My point is an existing community mainly of old timers is not complaining about extra housing. We like our walkable neighbourhood, and we’re happy to share it with others – if it’s done properly.

  2. Three Kings won’t have any detached housing. There are parks, sports fields, ponds, retail, apartments and terraces planned, all of quite a high level of quality.

    As for K Road… lots of ideas! It’s a place with so much potential, but that’s been severed by nasty old Spaghetti Junction.
    – remove the Grafton cemetery and redevelop it. The land is worth about $250million!
    – reconnect some of the old grid, eg beresford street.
    – allow far more height and intensity in the back streets around the future CRL station, hopetoun street and Newton Rd area.
    – replace the awful K Road bridge/bus station with a wide platform involving plaza and shops.

    1. the cemetery is stunning place. Just needs cleaning up and will become wonderful asset to the city. The Grafton Gully cycleway should raise awareness of this area substantially.

        1. Shame that heritage fears have in fact ensured that the walk/cycleway will NOT have connections to the cemetery. It only goes past it, with a fence between.

  3. K Road really obvious place for a separated cycleway. Major ridgeline connecting Ponsonby/Grey Lynn with University/Grafton/Parnell/Newmarket. For those brave enough to bike this means very quick cross-town trips, easily beating the Link.
    Issues probably is where K Road crosses bridge, as West of Pitt St is major bus corridor for North Western Buses. While some silly ones duplicating rail will dissapear soon, lots more bsues will soon join as NW interchanges and busway is built.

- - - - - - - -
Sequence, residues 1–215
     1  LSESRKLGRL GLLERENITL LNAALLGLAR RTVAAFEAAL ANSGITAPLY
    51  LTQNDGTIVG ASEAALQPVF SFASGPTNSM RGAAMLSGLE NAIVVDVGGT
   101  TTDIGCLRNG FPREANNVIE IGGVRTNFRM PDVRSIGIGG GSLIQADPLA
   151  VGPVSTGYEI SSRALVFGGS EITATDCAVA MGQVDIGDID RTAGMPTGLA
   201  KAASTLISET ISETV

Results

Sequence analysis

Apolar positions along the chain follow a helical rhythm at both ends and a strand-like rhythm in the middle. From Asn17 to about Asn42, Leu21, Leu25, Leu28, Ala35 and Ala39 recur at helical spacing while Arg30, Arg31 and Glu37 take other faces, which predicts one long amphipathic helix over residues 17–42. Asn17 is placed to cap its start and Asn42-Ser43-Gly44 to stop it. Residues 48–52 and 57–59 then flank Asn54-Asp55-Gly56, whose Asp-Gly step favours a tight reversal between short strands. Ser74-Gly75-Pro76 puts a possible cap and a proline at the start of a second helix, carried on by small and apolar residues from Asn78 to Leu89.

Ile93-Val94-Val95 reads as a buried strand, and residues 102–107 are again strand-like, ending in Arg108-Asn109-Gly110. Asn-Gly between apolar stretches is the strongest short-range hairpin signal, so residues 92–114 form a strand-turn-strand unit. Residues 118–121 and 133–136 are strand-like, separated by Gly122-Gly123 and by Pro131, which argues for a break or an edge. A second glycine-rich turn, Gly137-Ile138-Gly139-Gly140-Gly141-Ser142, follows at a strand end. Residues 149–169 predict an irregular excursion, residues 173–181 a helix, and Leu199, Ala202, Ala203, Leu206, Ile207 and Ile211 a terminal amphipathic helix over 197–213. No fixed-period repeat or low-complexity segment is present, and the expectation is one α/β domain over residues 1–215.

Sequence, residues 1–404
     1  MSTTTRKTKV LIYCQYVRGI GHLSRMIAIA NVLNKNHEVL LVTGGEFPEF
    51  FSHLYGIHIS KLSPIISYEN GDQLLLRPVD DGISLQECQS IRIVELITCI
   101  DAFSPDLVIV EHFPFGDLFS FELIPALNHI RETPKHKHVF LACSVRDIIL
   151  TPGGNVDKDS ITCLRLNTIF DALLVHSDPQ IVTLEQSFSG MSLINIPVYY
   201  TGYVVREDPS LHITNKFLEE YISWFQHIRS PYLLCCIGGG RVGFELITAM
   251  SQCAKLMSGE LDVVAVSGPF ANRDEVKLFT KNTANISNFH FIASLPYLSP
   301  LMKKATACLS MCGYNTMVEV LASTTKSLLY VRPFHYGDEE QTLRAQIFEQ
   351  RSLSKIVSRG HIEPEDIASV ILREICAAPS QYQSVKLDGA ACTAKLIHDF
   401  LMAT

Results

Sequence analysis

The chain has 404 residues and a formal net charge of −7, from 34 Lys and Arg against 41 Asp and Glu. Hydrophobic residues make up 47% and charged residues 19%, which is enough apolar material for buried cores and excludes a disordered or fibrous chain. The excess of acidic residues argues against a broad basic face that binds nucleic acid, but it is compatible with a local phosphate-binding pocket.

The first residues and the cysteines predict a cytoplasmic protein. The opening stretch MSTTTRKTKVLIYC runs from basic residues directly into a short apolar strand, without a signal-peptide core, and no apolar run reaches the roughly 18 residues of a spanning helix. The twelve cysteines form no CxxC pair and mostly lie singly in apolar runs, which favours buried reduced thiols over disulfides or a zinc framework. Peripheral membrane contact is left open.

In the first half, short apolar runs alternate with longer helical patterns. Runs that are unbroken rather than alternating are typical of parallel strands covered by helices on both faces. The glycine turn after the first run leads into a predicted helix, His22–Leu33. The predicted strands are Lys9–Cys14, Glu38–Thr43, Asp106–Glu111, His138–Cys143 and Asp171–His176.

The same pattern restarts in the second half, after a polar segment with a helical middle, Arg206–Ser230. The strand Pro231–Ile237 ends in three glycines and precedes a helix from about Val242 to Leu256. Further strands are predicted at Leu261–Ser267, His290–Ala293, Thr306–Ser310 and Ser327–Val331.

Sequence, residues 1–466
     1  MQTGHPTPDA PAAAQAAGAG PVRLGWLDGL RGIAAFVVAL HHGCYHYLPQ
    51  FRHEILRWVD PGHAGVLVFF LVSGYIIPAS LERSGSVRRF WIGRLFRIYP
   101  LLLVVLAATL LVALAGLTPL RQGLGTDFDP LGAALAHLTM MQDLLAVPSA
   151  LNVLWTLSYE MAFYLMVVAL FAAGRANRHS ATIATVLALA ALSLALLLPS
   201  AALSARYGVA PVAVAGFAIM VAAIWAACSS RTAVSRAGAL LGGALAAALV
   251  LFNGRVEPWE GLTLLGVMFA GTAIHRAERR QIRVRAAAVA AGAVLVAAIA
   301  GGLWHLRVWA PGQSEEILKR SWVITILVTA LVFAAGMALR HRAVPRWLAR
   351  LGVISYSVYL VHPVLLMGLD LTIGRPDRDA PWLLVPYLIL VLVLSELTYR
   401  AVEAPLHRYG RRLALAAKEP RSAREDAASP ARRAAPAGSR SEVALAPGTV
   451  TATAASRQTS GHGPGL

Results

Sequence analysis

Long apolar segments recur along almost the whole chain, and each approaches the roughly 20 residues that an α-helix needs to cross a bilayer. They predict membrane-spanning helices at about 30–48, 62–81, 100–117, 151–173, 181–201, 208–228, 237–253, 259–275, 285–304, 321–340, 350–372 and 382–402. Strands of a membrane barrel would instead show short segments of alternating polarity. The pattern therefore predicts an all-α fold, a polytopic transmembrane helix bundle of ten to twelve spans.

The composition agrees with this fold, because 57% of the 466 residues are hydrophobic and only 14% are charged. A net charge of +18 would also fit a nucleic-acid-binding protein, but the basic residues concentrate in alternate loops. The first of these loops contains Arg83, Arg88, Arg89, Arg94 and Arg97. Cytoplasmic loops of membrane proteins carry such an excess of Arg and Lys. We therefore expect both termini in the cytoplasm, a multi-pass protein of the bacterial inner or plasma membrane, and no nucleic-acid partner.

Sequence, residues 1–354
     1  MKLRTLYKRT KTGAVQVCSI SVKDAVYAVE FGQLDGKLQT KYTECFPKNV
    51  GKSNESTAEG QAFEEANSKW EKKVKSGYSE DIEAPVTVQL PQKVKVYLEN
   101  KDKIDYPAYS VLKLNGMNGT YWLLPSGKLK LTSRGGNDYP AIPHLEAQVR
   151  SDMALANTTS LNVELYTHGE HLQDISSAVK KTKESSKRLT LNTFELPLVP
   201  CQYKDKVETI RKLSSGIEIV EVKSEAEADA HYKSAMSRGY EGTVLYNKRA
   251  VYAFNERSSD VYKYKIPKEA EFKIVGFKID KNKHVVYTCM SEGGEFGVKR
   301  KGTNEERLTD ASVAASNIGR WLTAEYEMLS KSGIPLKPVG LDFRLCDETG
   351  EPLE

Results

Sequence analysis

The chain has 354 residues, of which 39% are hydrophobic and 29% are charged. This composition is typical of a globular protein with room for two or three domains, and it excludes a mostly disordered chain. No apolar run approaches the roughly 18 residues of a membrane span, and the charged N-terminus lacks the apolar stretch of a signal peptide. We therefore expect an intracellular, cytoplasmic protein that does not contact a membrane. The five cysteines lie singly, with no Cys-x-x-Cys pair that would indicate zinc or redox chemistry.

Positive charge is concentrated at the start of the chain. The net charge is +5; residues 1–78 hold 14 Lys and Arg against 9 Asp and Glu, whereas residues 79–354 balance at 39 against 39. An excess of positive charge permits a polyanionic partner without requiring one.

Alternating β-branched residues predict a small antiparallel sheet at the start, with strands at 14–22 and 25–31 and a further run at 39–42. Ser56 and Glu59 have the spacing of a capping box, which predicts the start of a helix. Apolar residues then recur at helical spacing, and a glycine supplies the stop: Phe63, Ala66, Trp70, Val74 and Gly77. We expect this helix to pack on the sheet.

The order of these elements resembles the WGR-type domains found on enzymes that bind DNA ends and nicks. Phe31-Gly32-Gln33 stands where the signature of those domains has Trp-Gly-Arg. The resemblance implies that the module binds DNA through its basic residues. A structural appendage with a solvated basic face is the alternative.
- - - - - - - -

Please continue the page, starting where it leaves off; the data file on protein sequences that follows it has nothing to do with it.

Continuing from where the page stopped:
1. Great question and I think the answer lies somewhere in the incoherent mess that is our planning system where the spatial planning/visioning mandated in the Auckland Council legislation fundamentally jars with the effects-based regulation of the RMA – the former has no legal weight under the latter.

      As I understand it, the plans in theory were meant to work together something like this: (1) Auckland Plan first to set a regional vision, (2) Area plans to articulate the regional vision at the local board level (for consultation – more accessible), and (3) Steps 1 and 2 to inform the zoning/regulation under the Unitary Plan. Step 3 overtook step 2 for political purposes (also because it takes ages to prepare 21 area plans), so now we weirdly have Area Plans that will have no effect on the Unitary Plan. I know, it’s crazy to me too.

  4. It’s quite obvious what needs to happen to K’Rd, remove all those lanes for cars and provide space for people. At present it’s simply a motorway with no allowance for anyone else. Pitt Street itself is absolutely crazy, how a street can have remained so wide for so long really shows that the priorities of Auckland City Council and Auckland Transport have been simply to forever widen everything and never the opposite.

  5. It’s not that hard to fit it all in on K Rd.
    The one thing that has to go is the parking. How many of the patrons of the op shops or Alleluia cafe drove and parked on K Rd? Less than 5 % I’d guess.
    one; remove car parks and put in bike lanes (it’s the link between Ponsonby and Grafton- will be a key cycling route soon enough)
    two: narrow K road from Q st to Pitt st to one lane each way, or make it shared.

    1. On that block it’s actually mostly bus stops, loading zones and taxi ranks. Only about eight actual carparks.

      I like the idea of narrowing and adding bike lanes, however Aucklands fist and second busiest bus routes pass though and have major stops there, being the inner link and city link.. Something serious would have to be done with traffic because they already choke out the buses, let alone if it were one lane each way.

      Personally I’d like to see a transit mall on that block, buses and bikes only. They might have to close the Grafton bridge on ramp for that, but otherwise you could redirect most traffic via Newton Rd, canada St and mayoral Dr. Not much reason to drive across there with Grafton bridge and the on ramp closed to traffic.